• Woodpecker activity and exit holes are forest health indicators specifically linked to presence of invasive forest pests; no exit holes were found in South Burlington's ash trees and only two showed evidence of woodpecker activity. The low occurrence of these two categories is important to note for South Burlington’s EAB preparedness purposes.

Using the UVM students' report, South Burlington's Arborist and Tree Warden, Craig Lambert, expanded on the students' work and in the fall of 2013 develop an EAB Action plan for South Burlingon. Lambert's plan outlines that "South Burlington currently has roughly 760 Ash trees along its streets and in its parks, comprising roughly 13% of the cities’ street and park tree population.  To make matters worse, the vast majority of these trees are located in only 3 neighborhoods, Dorset Farms, Brand Farm and the Golf Course neighborhoods.  The mortality of ash tree in these neighborhoods will result in a number of streets with no street trees and the loss of 50-70% of the trees in the neighborhoods."  The EAB Action Plan outlines a number of strategies that Lambert will promote to prepare South Burlington for the arrival of EAB.  The plan concludes by laying out the importance of the planning process: "In the near future South Burlington will be faced with the prospect of removing and replacing a significant number of street trees due to the infestation of Emerald Ash Borer.  Adoption of some or all of the above listed management strategies will enable us to deal with this problem in a proactive manner, spreading costs over a longer time period."

Lessons Learned & Successes

This project demonstrates the effectiveness of engaging with students to move urban and community forestry initiatives and projects forward.  The Rubenstein School at UVM has a strong commitment to service-learning and other forms of experiential learning and has been collaborating with the VT UCF Program for a number of years to increase the capacity of Vermont's communities to manage, understand, and promote forestry locally.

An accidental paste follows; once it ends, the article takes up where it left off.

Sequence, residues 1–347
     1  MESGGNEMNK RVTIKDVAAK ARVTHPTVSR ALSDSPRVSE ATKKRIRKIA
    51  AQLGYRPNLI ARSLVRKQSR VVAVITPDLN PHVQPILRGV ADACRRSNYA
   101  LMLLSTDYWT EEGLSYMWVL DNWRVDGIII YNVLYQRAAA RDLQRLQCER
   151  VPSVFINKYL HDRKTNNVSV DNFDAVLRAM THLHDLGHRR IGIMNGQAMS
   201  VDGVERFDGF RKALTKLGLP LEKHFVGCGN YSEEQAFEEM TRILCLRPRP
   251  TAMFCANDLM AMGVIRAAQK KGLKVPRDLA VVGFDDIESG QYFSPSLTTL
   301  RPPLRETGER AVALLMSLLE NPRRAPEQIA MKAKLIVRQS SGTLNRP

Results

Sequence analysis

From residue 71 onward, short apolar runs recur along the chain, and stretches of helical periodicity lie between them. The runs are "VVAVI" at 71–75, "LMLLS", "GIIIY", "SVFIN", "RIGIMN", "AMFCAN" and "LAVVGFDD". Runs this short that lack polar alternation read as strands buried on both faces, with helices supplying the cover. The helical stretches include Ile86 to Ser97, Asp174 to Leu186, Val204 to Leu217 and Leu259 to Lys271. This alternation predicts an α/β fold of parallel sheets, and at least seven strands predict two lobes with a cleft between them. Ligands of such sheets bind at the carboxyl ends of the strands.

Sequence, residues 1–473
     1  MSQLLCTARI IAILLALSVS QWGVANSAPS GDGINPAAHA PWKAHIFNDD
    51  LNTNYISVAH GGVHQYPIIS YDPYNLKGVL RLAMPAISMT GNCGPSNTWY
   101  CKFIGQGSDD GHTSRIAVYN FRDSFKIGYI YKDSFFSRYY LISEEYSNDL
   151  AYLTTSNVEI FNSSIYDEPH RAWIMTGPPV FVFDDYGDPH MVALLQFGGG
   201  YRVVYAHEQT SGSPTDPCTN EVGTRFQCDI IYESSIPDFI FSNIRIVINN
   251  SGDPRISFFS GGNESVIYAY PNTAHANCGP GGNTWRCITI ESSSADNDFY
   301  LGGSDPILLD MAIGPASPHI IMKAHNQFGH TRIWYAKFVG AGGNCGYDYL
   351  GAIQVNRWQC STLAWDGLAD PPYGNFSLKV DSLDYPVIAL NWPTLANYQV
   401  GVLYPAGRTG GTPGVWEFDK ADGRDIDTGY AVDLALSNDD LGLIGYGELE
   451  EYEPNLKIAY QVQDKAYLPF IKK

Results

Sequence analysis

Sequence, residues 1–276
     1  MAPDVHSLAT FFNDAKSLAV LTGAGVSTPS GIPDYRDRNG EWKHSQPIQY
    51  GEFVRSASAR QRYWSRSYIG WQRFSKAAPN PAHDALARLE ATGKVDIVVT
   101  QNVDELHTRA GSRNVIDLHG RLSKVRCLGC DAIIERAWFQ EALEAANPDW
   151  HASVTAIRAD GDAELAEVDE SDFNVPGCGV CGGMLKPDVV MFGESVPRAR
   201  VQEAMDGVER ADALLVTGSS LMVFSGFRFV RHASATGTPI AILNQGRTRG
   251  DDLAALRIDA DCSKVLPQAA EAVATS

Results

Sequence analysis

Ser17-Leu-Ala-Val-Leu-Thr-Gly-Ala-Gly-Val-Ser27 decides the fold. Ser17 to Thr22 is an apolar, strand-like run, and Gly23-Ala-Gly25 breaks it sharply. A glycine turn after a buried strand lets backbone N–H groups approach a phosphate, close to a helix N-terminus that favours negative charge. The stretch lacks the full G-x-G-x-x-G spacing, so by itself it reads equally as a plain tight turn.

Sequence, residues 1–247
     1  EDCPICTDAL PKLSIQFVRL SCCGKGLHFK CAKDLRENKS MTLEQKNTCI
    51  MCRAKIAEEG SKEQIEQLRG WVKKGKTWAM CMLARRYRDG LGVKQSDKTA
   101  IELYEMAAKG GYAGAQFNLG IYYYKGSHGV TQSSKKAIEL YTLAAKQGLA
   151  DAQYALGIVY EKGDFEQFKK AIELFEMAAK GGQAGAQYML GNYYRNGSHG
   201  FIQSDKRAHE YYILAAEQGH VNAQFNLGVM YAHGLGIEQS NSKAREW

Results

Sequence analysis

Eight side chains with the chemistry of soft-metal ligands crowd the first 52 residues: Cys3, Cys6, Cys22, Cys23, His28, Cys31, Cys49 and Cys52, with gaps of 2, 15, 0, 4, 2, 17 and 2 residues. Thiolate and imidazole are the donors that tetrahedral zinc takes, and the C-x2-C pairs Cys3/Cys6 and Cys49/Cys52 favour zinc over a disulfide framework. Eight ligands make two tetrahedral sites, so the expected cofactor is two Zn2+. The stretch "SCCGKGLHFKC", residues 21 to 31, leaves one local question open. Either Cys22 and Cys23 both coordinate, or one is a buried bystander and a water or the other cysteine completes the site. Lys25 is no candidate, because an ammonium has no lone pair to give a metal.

There were a number of lessons learned through this project that have informed subsequent university partnerships and VT UCF programming, including:

  • The handheld data collection units and inventory system that VT UCF had been developing at the time of this project were not user-friendly and presented a number of challenges for the students and UCF staff in data turnover and analysis.  Since this project we have significantly altered our approach to data collection, moving to a web-based application that will be available on smartphones and tablets.
  • For community tree inventories, having individuals with strong tree identification skills are essential to the accuracy and quality of the inventory data; engaging with UVM forestry students who have recently taken a dendrology course proved to be an effective way to ensure high tree identification skills.
  • Students move quickly!  The ten forestry students who worked on this project were quick learners and quick data-collectors.  The more preparation pre-inventory, the better, so that if the students (or other data collectors) finish the work for the day with time to spare, there is another neighborhood or street already identified that they can begin inventorying.  
  • The translation of the data is important for students; in addition to the inventory data collection, analysis, and report development, it is important to provide some means for communicating the results to the community.  The students involved in this project wanted to have an opportunity to present on their project; this is something that we now plan for when working with students.